4 slices of bacon
1 small onion, chopped
1 clove garlic, minced
2 Tbsp cornstarch
1 tsp salt
1 tsp dried basil
1/2 tsp black pepper
3 cups chicken broth (homemade is best, but canned will work just fine - this is 1 1/2 cans worth)
2 large baked potatoes, peeled and cubed once they're cool
1 cup half-and-half
shredded cheddar cheese
minced fresh chives (if you happen to have them laying about)

First, cook the bacon In a large saute pan, until it's crisp. Set bacon aside and chop it, but keep the fat in the pan!

Now saute onion and garlic in the drippings until tender - it will only take a couple minutes. Then stir in cornstarch, salt, basil and pepper and  mix well. Gradually add the chicken broth, stirring to bring up the browned bits from the bottom of the pan. Bring broth to a boil, boil and stir for 2 minutes.

Turn the heat down to simmer, and add the potatoes, cream, and bacon. Heat through but do not boil.

Garnish your soup with cheddar cheese, and chives if you have them.

(If I want a much thicker soup, I use one additional potato and mash it before adding it to the broth.)

There you have it - easy peasy lemon squeezy, as J would say!

Saturday, October 20, 2012

Meal Planning

I'm trying something here... Let me know if you like it or not.

I spend time every weekend figuring out the dinner menus for the upcoming week, and planning my shopping list, and collecting my coupons. I thought I would share the results with you, in case it could help save you some time.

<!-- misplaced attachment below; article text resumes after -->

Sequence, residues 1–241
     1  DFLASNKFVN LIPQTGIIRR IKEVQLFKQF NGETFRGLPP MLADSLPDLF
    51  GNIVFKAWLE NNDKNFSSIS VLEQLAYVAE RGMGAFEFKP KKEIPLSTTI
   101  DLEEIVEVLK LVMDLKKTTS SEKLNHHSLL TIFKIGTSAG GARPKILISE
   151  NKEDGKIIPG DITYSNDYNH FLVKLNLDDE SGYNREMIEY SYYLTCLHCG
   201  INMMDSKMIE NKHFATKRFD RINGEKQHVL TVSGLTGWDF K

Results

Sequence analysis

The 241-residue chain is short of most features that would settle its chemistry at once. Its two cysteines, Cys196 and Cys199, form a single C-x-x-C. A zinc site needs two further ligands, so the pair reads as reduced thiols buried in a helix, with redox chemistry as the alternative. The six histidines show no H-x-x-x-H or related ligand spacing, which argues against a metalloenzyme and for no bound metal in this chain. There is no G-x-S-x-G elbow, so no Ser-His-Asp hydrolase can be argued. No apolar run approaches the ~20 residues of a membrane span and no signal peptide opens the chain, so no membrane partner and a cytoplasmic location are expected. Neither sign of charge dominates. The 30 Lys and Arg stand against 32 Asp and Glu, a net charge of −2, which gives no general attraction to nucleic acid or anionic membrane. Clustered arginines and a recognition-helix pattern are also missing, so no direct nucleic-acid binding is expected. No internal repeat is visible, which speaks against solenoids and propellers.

If you like this, let me know, and I'll try to do it more frequently!

First, I check the calendar to see if there are any nights where someone won't be home, or we'll be unusually late for dinner, or anything I need to work around.Then I check the grocery store deals, see what is scheduled for my CSA box that week, and double-check what is still lingering in the refrigerator and pantry. With that in mind, I start building out menus. Once I've got them, I make a grocery list and go through and pull any coupons I have.

This week, we're getting beets, green beans, mei qing choi (think baby bok choy), potatoes, bell peppers, butternut squash, and fennel in the CSA box. And I got a good deal on pork tenderloin, apples, and grapes at Costco. There's leftover cauliflower, cheddar cheese, kale, and romano cheese that needs to be used. And the grocery store has discounts on pasta and pork chops...And I know I've got stock, goat cheese, chicken, and bacon in the freezer. So...

Tonight I'll use the pork tenderloin I got as Costco and use up the cauliflower and some cheese that's in the refrigerator. Marinated pork loin with pan sauce and roasted cauliflower it is.

Tomorrow will be potato soup. And since the husband is sure to be sitting around watching football (and I'll join him for a bit, of course!), I'm going to make a bunch of almond crusted goat cheese & grape balls.